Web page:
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Health Aff (Millwood). 2010 Nov;29(11):2002-8. doi: 10.1377/hlthaff.2010.0571.

Copayment reductions generate greater medication adherence in targeted patients.

Author information

1
Center For Health Services Research in Primary Care, Durham Veterans Affairs Medical Center, Department of Medicine, Duke University Medical Center, Durham, NC, USA. mlm34@duke.edu

Abstract

A large value-based insurance design program offered by Blue Cross Blue Shield of North Carolina eliminated generic medication copayments and reduced copayments for brand-name medications. Our study showed that the program improved adherence to medications for diabetes, hypertension, hyperlipidemia, and congestive heart failure. We found that adherence improved for enrollees, ranging from a gain of 3.8 percentage points for patients with diabetes to 1.5 percentage points for those taking calcium-channel blockers, when compared to others whose employers did not offer a similar program. An examination of longer-term adherence and trends in health care spending is still needed to provide a compelling evidence base for value-based insurance design.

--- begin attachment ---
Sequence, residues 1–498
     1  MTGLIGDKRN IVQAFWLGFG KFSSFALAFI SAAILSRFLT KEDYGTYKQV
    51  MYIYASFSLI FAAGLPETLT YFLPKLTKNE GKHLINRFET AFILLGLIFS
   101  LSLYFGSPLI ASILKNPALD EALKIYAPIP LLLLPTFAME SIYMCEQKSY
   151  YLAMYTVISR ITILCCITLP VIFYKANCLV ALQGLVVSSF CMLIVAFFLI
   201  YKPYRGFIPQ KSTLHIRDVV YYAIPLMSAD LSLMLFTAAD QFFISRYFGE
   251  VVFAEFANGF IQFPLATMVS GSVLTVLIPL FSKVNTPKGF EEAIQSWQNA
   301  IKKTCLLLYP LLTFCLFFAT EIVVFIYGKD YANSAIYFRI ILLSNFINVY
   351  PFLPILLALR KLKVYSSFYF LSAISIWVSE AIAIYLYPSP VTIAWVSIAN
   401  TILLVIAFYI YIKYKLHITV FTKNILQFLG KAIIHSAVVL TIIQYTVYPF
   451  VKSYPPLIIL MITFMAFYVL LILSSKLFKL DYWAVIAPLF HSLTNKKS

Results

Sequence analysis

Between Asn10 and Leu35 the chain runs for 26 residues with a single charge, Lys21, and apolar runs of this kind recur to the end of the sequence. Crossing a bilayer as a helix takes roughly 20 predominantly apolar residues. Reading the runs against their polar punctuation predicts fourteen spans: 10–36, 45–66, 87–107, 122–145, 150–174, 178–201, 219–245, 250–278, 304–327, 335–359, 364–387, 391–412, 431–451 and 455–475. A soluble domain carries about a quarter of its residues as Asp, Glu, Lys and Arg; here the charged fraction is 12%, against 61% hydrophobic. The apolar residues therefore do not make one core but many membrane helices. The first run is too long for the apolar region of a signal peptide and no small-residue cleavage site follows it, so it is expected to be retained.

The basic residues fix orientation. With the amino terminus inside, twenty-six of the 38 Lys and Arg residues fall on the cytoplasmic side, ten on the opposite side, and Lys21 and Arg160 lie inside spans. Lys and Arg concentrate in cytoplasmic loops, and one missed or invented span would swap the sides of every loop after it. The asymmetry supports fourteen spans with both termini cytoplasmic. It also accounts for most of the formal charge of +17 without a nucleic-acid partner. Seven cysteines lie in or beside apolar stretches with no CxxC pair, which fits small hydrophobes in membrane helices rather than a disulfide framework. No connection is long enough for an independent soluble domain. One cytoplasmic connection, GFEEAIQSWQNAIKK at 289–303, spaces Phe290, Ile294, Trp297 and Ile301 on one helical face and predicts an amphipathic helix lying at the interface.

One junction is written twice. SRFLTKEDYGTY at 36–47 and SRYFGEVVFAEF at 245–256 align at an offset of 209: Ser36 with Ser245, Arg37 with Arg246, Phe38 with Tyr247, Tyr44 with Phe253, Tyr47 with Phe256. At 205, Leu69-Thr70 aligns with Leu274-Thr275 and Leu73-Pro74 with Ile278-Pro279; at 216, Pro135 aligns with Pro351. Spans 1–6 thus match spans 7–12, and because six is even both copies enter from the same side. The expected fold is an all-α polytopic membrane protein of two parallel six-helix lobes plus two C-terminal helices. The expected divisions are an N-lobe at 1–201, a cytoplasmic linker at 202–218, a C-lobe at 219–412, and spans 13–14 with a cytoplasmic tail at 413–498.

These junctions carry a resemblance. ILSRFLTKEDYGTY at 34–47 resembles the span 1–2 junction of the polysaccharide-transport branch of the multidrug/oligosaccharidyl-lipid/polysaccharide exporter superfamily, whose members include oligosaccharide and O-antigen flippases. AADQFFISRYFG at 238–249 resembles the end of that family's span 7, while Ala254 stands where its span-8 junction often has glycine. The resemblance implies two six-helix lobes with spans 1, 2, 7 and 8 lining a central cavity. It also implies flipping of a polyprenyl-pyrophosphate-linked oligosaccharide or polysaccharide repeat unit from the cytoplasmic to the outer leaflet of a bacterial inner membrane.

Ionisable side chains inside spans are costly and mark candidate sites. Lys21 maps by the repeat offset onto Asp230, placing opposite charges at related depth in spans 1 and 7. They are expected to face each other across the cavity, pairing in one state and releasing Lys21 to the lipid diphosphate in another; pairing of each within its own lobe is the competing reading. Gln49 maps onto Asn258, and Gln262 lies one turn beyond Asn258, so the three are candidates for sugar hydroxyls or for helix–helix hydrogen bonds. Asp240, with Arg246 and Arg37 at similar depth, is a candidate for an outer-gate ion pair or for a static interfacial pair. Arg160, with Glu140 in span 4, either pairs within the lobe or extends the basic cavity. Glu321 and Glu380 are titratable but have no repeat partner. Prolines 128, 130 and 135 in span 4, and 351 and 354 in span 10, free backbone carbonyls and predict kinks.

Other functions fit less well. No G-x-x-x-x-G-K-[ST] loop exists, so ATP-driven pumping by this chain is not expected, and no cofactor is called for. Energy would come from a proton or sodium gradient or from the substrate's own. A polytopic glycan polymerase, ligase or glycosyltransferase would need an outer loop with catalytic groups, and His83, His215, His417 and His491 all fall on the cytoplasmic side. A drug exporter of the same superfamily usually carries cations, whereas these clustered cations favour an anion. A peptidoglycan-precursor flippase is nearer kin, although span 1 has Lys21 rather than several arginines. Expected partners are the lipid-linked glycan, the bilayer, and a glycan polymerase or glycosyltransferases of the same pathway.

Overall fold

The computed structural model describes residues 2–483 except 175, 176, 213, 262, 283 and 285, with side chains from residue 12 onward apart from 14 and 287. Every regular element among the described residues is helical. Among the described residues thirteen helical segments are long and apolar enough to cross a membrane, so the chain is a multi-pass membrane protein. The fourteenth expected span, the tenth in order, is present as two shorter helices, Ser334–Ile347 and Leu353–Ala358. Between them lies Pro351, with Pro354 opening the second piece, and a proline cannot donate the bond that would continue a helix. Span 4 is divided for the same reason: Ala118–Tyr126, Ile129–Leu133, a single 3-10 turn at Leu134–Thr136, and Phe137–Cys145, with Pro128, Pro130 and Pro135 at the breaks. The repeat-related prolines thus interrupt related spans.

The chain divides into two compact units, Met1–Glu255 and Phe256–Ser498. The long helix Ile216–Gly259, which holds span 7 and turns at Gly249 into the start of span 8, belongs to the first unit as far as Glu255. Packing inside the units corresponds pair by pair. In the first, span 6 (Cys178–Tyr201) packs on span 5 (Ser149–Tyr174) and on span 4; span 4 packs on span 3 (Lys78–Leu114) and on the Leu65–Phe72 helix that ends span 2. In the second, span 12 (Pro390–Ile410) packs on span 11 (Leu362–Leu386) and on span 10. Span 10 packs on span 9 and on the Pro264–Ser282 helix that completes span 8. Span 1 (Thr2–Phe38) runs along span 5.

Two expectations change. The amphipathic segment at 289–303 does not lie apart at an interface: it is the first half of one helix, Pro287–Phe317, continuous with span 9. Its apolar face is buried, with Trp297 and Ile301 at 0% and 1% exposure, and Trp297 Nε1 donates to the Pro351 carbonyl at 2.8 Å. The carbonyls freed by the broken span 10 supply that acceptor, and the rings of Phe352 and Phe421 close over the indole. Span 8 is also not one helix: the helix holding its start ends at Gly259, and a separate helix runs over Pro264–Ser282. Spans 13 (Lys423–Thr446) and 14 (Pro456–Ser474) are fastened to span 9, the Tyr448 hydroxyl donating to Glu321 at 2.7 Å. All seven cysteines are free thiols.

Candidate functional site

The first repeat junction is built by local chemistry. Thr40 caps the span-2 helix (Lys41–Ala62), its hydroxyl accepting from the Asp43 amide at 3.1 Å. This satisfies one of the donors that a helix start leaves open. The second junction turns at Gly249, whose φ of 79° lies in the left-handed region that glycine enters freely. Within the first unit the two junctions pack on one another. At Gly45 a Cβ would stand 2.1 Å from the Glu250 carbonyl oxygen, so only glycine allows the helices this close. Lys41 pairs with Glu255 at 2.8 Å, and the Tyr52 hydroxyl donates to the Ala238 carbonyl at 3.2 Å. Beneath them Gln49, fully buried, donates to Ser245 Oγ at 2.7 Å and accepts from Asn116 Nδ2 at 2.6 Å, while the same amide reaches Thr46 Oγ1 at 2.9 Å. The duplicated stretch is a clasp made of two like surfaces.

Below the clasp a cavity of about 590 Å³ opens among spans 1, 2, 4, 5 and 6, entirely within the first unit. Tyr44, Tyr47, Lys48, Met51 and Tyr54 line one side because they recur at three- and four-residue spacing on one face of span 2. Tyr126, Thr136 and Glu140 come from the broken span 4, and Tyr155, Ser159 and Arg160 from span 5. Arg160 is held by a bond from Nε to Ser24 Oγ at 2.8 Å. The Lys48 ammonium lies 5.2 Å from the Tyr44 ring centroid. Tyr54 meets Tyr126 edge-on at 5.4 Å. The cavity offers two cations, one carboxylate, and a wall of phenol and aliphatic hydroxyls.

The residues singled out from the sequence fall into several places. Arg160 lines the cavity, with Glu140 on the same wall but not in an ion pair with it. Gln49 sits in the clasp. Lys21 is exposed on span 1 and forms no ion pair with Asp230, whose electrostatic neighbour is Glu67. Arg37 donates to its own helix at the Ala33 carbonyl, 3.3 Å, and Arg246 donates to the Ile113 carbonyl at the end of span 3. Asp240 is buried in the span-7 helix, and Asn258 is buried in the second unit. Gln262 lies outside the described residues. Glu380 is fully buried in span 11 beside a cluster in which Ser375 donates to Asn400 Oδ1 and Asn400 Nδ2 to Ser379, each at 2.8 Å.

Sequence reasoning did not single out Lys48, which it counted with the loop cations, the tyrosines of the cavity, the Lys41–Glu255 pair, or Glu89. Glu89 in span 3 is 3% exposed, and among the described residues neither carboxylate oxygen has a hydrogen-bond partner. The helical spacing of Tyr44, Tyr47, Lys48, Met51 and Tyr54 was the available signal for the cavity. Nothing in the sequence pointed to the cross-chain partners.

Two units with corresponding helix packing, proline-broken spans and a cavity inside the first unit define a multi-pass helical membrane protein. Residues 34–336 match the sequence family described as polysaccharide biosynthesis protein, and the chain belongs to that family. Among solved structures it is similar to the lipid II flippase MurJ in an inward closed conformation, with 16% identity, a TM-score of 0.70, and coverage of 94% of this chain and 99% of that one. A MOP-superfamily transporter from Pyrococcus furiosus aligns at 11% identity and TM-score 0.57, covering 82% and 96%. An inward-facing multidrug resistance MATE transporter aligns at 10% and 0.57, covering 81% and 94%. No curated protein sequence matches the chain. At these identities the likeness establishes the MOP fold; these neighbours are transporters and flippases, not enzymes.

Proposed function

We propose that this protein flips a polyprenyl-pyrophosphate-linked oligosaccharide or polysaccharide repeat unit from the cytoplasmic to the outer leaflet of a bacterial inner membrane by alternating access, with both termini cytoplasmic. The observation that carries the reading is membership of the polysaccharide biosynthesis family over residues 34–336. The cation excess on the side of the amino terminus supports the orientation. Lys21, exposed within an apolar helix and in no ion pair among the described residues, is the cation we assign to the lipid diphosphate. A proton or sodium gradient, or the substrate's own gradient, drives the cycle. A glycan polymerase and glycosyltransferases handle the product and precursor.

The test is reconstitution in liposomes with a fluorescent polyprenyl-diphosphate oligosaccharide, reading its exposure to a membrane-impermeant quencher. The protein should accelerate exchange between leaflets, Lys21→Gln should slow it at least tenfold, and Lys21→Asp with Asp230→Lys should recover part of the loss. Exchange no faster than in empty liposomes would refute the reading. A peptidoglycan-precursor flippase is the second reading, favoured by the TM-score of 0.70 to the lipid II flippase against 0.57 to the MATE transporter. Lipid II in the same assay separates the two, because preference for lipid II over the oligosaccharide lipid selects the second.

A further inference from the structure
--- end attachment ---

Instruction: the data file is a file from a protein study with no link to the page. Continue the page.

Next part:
PMID:
21041739
DOI:
10.1377/hlthaff.2010.0571
[Indexed for MEDLINE]
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